Since 2005, the Chinese government has intensified its efforts to privatize parts of the sector. Whereas the transmission and distribution of electricity remained under state control, the power generation market was partly opened to private and foreign investors. The main reasons for this change in direction were to be seen in the need to operate the system more cost-effectively and to attract clean technologies for power generation.
International criticism regarding China’s energy mix, with its heavy reliance on coal as main source for electricity generation, was joined by rising concerns of the populace over heavy CO2 and particle pollution measures. Over the decade up to 2013, renewable energy sources such as wind, biomass and solar power capacities have been developed at an incredible pace. Consumption of renewables in China ranged at about 43 million TOE by the end of 2013. Also, with a newly installed wind capacity of about 16 GW in 2013, China’s wind park displayed the largest growth pattern worldwide.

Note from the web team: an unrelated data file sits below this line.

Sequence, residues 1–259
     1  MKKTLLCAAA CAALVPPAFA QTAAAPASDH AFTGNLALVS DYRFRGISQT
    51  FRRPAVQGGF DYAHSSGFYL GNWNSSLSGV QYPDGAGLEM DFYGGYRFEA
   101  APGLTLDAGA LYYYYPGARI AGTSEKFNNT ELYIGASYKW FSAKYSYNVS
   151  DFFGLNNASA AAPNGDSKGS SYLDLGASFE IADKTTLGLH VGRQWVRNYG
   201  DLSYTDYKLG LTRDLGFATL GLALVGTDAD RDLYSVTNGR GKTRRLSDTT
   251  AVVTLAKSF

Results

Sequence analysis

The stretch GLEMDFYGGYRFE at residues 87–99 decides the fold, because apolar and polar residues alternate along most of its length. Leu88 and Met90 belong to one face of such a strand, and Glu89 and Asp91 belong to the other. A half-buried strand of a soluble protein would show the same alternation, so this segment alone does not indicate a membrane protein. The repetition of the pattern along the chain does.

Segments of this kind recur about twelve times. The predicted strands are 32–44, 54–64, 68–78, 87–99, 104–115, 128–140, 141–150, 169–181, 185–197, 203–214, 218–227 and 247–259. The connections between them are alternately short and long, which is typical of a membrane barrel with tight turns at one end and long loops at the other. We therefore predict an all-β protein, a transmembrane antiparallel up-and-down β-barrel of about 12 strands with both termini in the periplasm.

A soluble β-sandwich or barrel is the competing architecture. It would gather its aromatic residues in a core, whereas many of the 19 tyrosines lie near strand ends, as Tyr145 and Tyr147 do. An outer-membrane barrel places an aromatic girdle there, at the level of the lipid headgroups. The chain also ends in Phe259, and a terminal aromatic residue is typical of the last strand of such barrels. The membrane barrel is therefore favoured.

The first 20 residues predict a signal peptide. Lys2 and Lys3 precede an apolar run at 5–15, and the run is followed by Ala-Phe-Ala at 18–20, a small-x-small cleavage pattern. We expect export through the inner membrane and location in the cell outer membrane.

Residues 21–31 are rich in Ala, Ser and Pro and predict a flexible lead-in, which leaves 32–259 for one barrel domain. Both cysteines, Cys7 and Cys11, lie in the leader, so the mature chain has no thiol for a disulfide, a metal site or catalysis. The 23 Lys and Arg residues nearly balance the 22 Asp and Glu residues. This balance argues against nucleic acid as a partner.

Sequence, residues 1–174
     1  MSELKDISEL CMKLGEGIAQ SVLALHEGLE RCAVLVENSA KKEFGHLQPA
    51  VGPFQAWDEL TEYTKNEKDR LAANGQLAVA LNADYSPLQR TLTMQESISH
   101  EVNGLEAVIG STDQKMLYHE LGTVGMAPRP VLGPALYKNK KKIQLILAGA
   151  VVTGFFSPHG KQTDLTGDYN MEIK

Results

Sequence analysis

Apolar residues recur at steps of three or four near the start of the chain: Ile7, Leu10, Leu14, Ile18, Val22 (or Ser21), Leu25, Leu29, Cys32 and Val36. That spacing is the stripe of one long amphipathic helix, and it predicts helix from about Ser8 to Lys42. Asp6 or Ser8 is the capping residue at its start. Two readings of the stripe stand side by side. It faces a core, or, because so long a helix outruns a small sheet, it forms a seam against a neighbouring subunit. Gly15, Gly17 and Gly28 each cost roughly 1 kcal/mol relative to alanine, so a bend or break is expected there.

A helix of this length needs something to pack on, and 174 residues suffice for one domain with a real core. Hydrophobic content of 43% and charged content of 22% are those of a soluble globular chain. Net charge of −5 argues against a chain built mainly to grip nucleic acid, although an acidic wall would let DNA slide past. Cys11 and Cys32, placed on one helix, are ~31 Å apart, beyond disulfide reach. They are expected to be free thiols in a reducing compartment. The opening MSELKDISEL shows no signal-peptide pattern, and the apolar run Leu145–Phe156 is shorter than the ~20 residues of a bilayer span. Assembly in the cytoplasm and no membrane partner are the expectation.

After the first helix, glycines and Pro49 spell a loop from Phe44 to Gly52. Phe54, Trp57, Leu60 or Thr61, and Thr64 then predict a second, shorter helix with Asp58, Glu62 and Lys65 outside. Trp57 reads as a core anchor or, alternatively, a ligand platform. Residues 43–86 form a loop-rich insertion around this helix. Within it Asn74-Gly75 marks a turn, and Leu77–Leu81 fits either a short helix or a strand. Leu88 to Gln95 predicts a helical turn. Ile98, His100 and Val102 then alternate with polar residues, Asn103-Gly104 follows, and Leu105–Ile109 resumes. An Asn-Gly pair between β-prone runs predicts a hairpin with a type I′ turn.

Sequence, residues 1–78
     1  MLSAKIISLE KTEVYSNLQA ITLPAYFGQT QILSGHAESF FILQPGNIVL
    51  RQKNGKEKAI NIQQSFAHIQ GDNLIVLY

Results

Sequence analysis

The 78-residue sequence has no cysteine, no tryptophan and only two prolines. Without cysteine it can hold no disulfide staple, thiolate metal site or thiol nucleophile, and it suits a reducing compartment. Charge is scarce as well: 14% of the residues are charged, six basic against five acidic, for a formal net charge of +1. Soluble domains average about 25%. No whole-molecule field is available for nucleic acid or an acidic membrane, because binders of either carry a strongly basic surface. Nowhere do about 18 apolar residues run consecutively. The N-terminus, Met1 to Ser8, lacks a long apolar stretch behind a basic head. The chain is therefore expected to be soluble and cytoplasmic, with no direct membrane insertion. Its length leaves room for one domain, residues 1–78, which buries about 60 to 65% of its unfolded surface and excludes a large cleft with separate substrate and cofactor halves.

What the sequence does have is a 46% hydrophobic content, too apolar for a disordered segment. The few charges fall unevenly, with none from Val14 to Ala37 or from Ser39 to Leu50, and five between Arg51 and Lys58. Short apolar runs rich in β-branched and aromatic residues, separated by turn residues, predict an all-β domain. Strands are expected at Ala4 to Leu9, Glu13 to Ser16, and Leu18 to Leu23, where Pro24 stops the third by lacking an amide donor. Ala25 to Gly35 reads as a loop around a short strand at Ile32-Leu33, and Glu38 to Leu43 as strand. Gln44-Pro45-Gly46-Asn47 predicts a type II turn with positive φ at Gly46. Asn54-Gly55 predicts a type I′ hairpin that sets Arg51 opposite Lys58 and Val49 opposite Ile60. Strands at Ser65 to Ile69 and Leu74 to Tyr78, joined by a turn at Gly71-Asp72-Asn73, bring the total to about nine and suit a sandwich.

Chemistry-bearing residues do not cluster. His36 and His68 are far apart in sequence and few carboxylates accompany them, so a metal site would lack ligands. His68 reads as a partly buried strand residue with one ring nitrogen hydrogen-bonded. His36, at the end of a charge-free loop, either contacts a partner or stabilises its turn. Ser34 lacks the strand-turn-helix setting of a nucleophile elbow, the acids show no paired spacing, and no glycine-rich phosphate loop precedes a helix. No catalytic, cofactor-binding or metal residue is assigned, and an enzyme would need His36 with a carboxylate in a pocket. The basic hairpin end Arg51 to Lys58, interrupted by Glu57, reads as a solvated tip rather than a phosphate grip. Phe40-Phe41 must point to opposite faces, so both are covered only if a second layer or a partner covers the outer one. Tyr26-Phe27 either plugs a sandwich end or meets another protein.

Apart from renewable energy sources, China has put a focus on the development of nuclear power over the past years. The investment structure of the electricity sector in China suggests a shift of investments from thermal and wind power towards nuclear and hydropower projects by the end of 2013. Overall investments in the sector had reached around 760 billion yuan in 2013, with around 390 billion being directed into grid development projects.